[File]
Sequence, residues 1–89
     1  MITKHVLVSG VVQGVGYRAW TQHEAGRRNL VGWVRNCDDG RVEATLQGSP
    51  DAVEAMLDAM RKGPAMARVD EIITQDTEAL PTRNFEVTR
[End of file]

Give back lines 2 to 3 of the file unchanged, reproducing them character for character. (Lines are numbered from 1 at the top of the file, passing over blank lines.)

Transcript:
     1  MITKHVLVSG VVQGVGYRAW TQHEAGRRNL VGWVRNCDDG RVEATLQGSP
    51  DAVEAMLDAM RKGPAMARVD EIITQDTEAL PTRNFEVTR